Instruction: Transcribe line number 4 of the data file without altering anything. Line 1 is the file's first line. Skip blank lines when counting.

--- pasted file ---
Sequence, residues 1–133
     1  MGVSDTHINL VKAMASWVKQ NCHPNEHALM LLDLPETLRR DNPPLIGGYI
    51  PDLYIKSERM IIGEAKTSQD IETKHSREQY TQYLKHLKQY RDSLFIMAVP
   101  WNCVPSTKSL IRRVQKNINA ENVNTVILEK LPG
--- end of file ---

   101  WNCVPSTKSL IRRVQKNINA ENVNTVILEK LPG